if narron and krivsky do stupid things after that, it doesn’t mean the trade was bad. that’s like saying that if narron starts aaron harang at 1b, that it was a mistake to trade casey.

    somewhere the moves after the trade have to be held accountable for success.

  5. Tom

    I think it’s too early to lament the Casey trade. Once spring training is over and this WB Classic is done the Reds will probably move one of the Outfield Four for a starting pitcher. And the money saved in the Casey deal will come in handy.

  6. red

    It is absolutely unbelievable to me that you can say all of the junk you said, knowing that the owner and the gm are weeks old, and you are already assuming lip service and that you know so much about motives, and performances and the bell has not been rung. If you hold your horses until they have gotten out of the gate, I am sure that all you have said will mean so much.. You sound like an insurance type, where everything is white or black.

  7. Pinski

    Dave Williams gave up 20 homers last year (and 15 in his first season). Does anyone here think that its going to get better than that? I wouldn’t be surprised by 30 this year. That isn’t going to help this team win any games. Add that to the expected lack of WMP in the starting lineup (plus the clubhouse malcontent status he may have when he gets back), and the insanity that is Tony Womack (who is getting a million dollars to be crappy) and you have the makings of bad things.

  8. al

    pinski, everything i’ve heard is that WMP is the starting LF. i wouldn’t read anymore into hatteberg playing now than i would into wise playing cf. It’s just the WBC.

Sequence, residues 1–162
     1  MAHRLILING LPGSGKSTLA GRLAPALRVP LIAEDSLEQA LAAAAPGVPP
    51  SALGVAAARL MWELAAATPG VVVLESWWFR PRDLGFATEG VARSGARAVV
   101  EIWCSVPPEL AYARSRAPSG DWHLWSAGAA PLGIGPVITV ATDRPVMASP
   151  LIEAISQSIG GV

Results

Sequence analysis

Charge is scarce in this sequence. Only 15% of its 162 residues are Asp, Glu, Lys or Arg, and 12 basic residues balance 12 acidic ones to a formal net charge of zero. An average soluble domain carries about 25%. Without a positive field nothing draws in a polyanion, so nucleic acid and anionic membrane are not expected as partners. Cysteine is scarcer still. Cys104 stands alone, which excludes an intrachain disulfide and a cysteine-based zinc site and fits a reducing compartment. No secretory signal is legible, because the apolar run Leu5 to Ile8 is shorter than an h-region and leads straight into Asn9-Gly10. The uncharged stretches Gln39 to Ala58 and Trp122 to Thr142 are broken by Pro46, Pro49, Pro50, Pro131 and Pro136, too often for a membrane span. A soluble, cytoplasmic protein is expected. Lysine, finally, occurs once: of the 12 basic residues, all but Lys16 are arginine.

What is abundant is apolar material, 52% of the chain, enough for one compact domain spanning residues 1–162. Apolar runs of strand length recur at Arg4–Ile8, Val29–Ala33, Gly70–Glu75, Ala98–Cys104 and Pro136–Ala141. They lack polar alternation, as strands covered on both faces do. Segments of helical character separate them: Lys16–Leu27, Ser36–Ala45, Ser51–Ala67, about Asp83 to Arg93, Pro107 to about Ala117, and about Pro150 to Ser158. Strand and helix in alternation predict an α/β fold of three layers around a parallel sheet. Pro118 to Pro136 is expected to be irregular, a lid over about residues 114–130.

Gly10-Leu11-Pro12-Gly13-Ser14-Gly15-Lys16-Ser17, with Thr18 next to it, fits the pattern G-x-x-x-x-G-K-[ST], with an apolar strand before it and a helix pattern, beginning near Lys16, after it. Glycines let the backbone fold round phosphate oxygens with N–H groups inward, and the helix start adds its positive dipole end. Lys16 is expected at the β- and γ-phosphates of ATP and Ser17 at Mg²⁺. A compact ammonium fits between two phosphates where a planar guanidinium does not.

As for williams, he had a 4.41 ERA in his age 26 season, and he had a 3.35 ERA in his minor league career. Harang had a 3.36 ERA in the minors and a 4.81 ERA at age 26 and a 3.83 ERA at 27. Claussen was 4.21 at 26 and 3.38 in the minors and everyone is expecting him to continue to get better.

    my point is that it usually a few years for pitchers to learn how to play in the bigs, and that when they do they move toward their minor league numbers. I think it’s fair to say that williams could improve in the same way harang and cluassen have and will, and that equals upside.

    No he isn’t a top of the rotation guy, but i think he can put up ERAs around 4 for the next three years, which is a lot more valuable than 1 year of an overpaid light hitting 1b.

    as for the money saved, if the reds are in contention that money can go towards a rent-a-pitcher at the deadline, since it’s about half of a good starters salary.

  9. al

    5 mil wouldn’t have gotten an SP. that said they even tried for morris at 8 mil per and got shot down. The free agents this year werent’ worth what they were getting, and 5 mil wouldnt have made a difference on that.

    Trading now and using the money works for me too, but my point was that 5 mil could be very useful at the deadline, but wasn’t much good in the FA market this year.